Seventy years on, in January 2014 the state court in Cologne charged 88 year-old Werner Christukat, 19 at the time, with the murder of 25 people and being an accessory to murder of hundreds more. Though Christukat conceded to being in the village at the time, he claimed that he had not been directly involved. The case was eventually dropped in December 2014 due to a lack of evidence. Whilst further reinforcing the sense that justice continued to elude the victims of Oradour, this served as another important reminder of how Europe pursues the perpetrators of atrocities committed during the Second World War to this day. 

A sign at the entrance to the village implores visitors to remember. As Second World War survivors become a rare commodity, so the human dimensions of remembrance are increasingly diminished. The generations which conveyed first-hand the pain and suffering of war are gradually falling silent. Whilst their voices have been recorded and transcribed, and their photographs and letters archived, there is an irreconcilable disconnect between these past testimonies of war and Europe’s present reality of rising extremism.

The physical scars of World War Two have healed to such an extent that the successes of the European Union as a peace project are largely taken for granted, with war between its member states largely deemed inconceivable today. As a result, the messages from the past no longer resonate with those of the present and future.

In many respects, war has been sanitised and censored by contemporary media. A certain numbness accompanies images from places such as Aleppo and Homs in Syria, even when drones provide a unique and dramatic bird's eye perspective on the destruction wrought. Even where images touch a nerve—like the photo of a facedown and lifeless Aylan Kurdi who was washed-up on a Turkish beach—their impact is fleeting and hollow. Rarely do they prompt deep and sustained reflections that breed the sort of empathy and understanding that is sorely lacking in today’s Europe.

War itself is displaced, devoid of the context and circumstances out of which it arises and festers. There are perpetrators and victims, and yet the real perpetrators and victims are never present nor acknowledged. Their names and stories are rarely told; they are but statistics for comparison. The personalization of suffering in Oradour-sur-Glane reminds us, not just that we should remember but that we should be attentive as to how we remember.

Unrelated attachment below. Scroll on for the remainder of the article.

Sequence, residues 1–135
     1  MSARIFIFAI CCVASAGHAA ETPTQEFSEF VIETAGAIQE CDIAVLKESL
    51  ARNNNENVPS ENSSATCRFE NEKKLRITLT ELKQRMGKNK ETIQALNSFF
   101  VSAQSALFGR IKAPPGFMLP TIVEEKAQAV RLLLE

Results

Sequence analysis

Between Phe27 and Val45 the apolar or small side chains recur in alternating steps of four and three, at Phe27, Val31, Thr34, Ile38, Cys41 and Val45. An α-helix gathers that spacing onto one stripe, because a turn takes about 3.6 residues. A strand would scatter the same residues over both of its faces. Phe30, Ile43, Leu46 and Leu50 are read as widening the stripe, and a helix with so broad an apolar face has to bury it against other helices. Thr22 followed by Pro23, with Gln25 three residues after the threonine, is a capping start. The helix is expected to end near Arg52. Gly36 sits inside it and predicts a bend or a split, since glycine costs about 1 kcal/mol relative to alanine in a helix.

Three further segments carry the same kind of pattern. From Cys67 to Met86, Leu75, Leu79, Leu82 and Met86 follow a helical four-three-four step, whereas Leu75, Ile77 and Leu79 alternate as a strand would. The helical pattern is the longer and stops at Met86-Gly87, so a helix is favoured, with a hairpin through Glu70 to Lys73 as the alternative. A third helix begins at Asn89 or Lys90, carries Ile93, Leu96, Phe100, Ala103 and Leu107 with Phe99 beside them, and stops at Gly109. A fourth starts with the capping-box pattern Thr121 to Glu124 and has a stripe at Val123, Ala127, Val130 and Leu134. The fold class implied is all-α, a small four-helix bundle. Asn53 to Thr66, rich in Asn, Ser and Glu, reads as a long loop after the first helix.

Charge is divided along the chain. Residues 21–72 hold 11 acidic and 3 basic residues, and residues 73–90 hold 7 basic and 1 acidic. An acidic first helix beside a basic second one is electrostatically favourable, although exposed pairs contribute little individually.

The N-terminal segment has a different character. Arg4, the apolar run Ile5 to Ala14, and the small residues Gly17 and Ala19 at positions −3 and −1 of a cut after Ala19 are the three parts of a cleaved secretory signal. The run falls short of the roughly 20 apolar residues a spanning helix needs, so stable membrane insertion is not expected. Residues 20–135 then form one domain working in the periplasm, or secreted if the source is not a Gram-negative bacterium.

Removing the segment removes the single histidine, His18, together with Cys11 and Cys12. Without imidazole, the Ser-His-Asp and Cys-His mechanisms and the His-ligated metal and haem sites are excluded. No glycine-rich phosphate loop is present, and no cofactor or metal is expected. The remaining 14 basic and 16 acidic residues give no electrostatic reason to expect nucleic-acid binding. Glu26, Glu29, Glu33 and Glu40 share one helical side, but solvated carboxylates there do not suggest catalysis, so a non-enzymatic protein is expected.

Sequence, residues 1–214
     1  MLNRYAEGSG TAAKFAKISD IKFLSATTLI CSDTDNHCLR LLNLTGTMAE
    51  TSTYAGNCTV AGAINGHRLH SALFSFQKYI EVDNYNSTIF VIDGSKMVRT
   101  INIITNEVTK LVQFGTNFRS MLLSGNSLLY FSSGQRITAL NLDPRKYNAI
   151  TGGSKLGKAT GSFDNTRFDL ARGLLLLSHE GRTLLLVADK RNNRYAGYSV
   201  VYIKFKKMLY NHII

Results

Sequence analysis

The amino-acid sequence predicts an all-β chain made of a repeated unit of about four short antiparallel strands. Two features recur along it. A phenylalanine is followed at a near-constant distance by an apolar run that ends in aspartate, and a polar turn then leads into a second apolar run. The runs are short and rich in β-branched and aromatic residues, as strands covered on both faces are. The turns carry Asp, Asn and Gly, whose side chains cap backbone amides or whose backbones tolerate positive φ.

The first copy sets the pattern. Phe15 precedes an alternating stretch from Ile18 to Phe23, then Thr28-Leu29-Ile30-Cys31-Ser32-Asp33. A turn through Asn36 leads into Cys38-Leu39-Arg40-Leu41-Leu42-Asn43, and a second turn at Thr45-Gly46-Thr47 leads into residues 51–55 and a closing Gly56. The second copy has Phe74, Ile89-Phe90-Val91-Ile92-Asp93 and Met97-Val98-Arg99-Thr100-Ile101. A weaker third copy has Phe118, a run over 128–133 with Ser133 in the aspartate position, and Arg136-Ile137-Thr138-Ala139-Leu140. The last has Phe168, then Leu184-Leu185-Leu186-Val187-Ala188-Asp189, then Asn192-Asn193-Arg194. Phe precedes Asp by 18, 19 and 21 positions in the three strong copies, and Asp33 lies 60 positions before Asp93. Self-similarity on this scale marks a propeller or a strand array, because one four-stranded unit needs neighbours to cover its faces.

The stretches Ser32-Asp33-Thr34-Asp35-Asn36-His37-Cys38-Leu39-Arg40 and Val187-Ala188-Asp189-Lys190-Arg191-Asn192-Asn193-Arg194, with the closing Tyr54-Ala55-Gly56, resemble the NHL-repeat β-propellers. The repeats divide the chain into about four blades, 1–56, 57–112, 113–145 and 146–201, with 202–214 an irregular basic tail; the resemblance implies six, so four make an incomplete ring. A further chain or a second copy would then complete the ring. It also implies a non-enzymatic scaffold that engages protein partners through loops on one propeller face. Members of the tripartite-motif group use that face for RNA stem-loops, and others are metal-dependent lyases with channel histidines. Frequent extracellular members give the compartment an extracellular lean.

Nor does Europe see its own past despite being confronted with the present of others. Despite the victims of this and other tragedies who now arrive daily on its doorsteps, Europe’s collective amnesia about its human atrocities and refugee flows is becoming more pronounced. The continent cares not what or why ‘they’ are fleeing, only how much of a burden ‘they’ will be. Who ‘they’ actually are is of little concern, instead reduced to “migrants”, “opportunists” and worse.

The individual fleeing persecution at home is reduced to being a member of an increasingly derided collective abroad. By contrast, the day-to-day immediacy and simplicity of remembrance at Oradour-sur-Glane helps to foster an empathy which transcends time, thereby helping to nurture feelings which transcend space as well. 

The village lies just over a hundred kilometres from the Cognac birthplace of one of the architects of European unity, Jean Monnet. Tragedies such as that of 10th June 1944 serve as a reminder of the devastation that was once wrought upon Europe, and the importance of the continuing pursuit of justice for victims. Amidst an unprecedented refugee crisis which threatens that very unity, Oradour-sur-Glane is one of the last of Europe’s living remnants of a past that it has been fortunate to leave behind, but which it would be misguided to forget.

Oradour-sur-Glane remains a “place of endless mourning,” and a permanent reminder of the “martyred village”; not just for the martyrs of the village itself, but for all those who perished at the hands of terror, East and West.